Roadtrippin’ 2022: The icy history of the Homer Spit
For nearly 60 years the spit has been in development, but the formation of it has an icy past
HOMER, Alaska (KTUU) - Thousands of years before Homer became the halibut fishing capital of the world, the land and surrounding areas were home to a massive glacier. It’s this glacier that would eventually carve out Kachemak Bay and the Homer Spit.
“I never once asked the question why is it here or how it’s here,” Homer Port and Harbor Director Bryan Hawkins said. “When I went to work for the harbor and the city, that became one of the responsibilities of the job.”
The spit’s origins can be traced back to nearly 15,000 years ago as the terminal moraine of the glacier began to recede. This type of moraine forms at the very end of a glacier and is composed of rocks, sediments and soils. As the glacier receded, not only did the formation of the spit occur but Kachemak Bay was slowly being created.
The spit has changed numerous times throughout history, but one of the more unique aspects of it is how nature is constantly recreating the spit.
“It’s fed by materials that are eroded off the bluff all the way from Anchor Point,” Hawkins said. “And those currents carry those materials all the way down the length of the spit, and then eventually dump them out into deep water.”
Hawkins says this is a continual cycle year-round. The spit builds up during the summertime due to the flow of sediments and then breaks down in the winter, as storms roar through the area.
“Spits will erode, they do move side to side a little bit, they get built up to get tore down,” Hawkins said. “Sometimes they even get breached through a major storm, but then they’ll kind of self-heal and reshape over time.”
What’s even more interesting about the spit is that theoretically, it could extend the entire width of Kachemak Bay. However, the materials that travel the length of the spit fall off into the deep holes of Kachemak Bay, which at its maximum is nearly 600 feet deep. The sediment that manages to settle around the spit also requires yearly maintenance from the Corps of Engineers.
“The mouth of the harbor has to be dredged every year to keep it to the control depth,” Hawkins said.
Those dredge materials are then reintroduced to the system for beach nourishment and to help the spit maintain its elevations. A study in the 1970s highlighted just how much sediment flows from Anchor Point to the iconic spit.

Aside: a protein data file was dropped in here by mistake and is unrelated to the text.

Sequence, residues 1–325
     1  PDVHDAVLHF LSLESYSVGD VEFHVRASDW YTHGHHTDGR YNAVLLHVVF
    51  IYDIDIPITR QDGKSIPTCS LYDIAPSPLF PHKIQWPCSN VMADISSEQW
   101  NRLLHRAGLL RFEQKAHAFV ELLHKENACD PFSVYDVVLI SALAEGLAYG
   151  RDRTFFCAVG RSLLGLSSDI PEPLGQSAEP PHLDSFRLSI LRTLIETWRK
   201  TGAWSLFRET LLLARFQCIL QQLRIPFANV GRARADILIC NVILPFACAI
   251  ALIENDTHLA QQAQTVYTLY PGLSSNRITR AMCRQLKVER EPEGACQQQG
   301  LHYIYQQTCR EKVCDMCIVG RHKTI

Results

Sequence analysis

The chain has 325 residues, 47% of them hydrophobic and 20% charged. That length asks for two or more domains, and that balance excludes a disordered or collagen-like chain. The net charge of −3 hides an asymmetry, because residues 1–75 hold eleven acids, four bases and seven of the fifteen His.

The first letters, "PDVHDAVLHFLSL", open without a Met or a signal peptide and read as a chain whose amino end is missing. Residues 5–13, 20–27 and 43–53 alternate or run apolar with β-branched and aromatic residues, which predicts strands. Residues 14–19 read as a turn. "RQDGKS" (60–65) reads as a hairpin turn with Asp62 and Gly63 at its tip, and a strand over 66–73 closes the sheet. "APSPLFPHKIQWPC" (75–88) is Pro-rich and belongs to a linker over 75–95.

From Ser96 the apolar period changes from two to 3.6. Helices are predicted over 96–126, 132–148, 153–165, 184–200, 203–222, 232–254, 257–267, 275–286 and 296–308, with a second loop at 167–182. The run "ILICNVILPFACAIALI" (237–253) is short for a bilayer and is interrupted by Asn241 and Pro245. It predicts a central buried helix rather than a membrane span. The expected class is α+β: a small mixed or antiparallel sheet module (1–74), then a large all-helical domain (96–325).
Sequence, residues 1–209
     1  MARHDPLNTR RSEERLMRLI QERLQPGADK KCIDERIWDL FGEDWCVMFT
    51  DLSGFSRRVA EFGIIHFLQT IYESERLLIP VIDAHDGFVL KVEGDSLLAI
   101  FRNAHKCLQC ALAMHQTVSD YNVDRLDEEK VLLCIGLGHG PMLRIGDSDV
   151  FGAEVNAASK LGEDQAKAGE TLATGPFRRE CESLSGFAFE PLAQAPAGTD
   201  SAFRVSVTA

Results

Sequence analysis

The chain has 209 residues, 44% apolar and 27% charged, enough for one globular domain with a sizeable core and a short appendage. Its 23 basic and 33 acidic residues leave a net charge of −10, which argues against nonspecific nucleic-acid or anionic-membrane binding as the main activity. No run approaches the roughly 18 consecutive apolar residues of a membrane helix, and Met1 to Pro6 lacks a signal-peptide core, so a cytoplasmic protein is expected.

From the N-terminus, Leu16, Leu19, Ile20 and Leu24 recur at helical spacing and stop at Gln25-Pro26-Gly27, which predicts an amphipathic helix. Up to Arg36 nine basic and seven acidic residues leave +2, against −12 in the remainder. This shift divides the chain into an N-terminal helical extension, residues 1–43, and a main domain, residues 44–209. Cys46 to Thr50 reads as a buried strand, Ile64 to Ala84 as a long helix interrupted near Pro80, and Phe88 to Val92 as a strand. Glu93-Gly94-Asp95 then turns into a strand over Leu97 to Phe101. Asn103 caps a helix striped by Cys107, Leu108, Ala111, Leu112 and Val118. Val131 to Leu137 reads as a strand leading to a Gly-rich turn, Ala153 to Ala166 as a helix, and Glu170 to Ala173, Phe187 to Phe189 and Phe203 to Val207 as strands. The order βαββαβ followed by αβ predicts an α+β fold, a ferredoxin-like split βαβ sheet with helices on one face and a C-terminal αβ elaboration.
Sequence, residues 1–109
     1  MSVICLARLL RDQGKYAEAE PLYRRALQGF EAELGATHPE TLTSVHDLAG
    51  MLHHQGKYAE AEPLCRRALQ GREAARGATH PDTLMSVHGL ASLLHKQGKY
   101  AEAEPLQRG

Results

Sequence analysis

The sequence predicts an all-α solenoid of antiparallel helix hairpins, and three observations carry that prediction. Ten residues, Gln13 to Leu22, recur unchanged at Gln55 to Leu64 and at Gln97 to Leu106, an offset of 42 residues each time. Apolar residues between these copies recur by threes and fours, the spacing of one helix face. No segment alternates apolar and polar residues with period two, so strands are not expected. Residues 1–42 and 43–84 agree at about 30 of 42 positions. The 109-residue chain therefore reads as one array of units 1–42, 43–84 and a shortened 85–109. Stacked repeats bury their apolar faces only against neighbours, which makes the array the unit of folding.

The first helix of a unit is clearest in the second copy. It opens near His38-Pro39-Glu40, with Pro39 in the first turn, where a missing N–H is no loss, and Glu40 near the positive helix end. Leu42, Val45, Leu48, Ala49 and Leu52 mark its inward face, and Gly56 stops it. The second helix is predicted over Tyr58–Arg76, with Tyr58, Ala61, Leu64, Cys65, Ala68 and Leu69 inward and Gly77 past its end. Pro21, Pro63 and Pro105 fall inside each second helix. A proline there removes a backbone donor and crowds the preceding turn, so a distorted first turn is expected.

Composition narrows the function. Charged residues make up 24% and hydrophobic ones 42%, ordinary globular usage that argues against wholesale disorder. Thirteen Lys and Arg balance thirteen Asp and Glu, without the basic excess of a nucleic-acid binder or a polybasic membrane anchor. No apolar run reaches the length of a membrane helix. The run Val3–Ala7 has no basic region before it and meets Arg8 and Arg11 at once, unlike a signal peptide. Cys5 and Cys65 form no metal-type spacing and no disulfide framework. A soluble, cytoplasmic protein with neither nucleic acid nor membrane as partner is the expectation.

“They figured about 800,000 cubic yards of material travel through here a year,” Hawkins said.
This isn’t the only force that is continuously driving the growth of the spit. A warming climate, while destructive along many coastal regions, is actually helping the surrounding area.
“We know that sea level is rising, and we know the glaciers are receding and more water is entering into the ocean,” Hawkins said. “And so what does that mean to us?”
Enter isostatic rebound. As the glaciers recede, the weight coming off the land is forcing the land to actually rise or rebound. The amount that the spit and surrounding area rise each year outpaces the sea level rise, thereby preventing any significant loss to rising waters.
However, due to natural forces of erosion along the bluffs that feed the spit, many homes and the road system are in jeopardy.
“There’s a few locations where the highway is getting dangerously close to the edge,” Hawkins said. “And we will have to relocate the highway and some houses of authority that had to been moved or abandoned.”
It’s a continuous cycle that requires some maintenance to keep it usable for Alaskans and the many tourists who continue to frequent the 4.5-mile narrow piece of land.
From its icy start nearly 15,000 years ago to its construction of the spit as we know it today, the future is constantly evolving.
“We have a waiting list of people trying to get a stall in the harbor of over 400 people,” Hawkins said. “So our plan is to expand the harbor.”
According to Hawkins, a three-year study will be conducted in partnership with the state of Alaska, the city of Homer and the federal government. The results of the study will then be used to draw in investments.
“We’re saying to the federal government, come to Homer, Alaska, and spend $200 million to build this harbor,” Hawkins said. “And we have to, we have to be competitive on a federal scale and national scale.”
Those investments are meant to create a lifetime of memories for those who vacation or visit the second-longest spit in the world.
“You know, families can have affordable vacations, and we build what I think is a multi-generational customer, and that those kids bring their families back too,” Hawkins said. “So there’s something for everybody. I think that’s that’s the unique thing about it.”
Click here if you would like to read more about the large vessel port expansion.
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